Statute of limitations is a prescribed period of time limitation for the bringing of certain kinds of legal action.
Oregon law states: For the purposes of ORS 131.125 (Time limitations), time starts to run on the day after the offense is committed.
(2)Except as provided in Tolling of statute, the period of limitation does not run during:
(a)Any time when the accused is not an inhabitant of or usually resident within this state; or
(b)Any time when the accused hides within the state so as to prevent process being served upon the accused.
(3)If, when the offense is committed, the accused is out of the state, the action may be commenced within the time provided in ORS 131.125 (Time limitations) after the coming of the accused into the state.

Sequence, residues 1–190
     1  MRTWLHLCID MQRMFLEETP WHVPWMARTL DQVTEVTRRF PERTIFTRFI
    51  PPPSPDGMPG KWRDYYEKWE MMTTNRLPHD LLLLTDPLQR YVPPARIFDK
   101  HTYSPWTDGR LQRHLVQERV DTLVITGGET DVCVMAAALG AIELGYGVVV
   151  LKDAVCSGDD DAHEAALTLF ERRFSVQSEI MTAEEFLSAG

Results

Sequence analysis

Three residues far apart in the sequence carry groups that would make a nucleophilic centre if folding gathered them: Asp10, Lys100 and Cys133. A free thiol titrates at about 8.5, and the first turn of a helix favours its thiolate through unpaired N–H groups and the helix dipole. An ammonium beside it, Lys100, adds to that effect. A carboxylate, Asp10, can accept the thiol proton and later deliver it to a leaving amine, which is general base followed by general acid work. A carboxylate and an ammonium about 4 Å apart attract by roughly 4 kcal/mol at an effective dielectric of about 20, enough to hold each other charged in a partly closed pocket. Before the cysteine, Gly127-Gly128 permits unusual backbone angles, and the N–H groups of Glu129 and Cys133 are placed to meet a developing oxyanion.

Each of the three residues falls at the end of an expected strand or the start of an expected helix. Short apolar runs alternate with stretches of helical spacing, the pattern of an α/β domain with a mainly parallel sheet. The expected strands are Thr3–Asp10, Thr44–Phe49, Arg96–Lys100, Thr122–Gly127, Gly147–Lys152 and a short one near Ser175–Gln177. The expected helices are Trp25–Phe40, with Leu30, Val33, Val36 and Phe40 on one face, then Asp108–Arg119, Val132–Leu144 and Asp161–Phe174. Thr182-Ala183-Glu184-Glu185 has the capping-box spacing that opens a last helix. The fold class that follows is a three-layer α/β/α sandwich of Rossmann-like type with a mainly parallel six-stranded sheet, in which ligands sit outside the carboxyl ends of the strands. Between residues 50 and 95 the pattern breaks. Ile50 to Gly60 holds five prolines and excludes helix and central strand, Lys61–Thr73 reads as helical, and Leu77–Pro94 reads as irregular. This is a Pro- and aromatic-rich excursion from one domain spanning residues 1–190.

The above is a basic guide to the rules behind the statute of limitation and can be helpful in understanding how it works. The specific limitations for various acts on the other hand are a bit more complicated.
While the actual time limitations for each offense has a long list of details which you can find linked here, it is often easier to provide the abridged version.
Oregon does not impose time limits for the prosecution of murder or manslaughter charges, similarly to other states. The statute of limitations for sexual felonies or crimes in which the victim is under 18 at the time of the offense is a six-years. There is a three-year limit for any other felonies and a two-year limit for most misdemeanors in the state.
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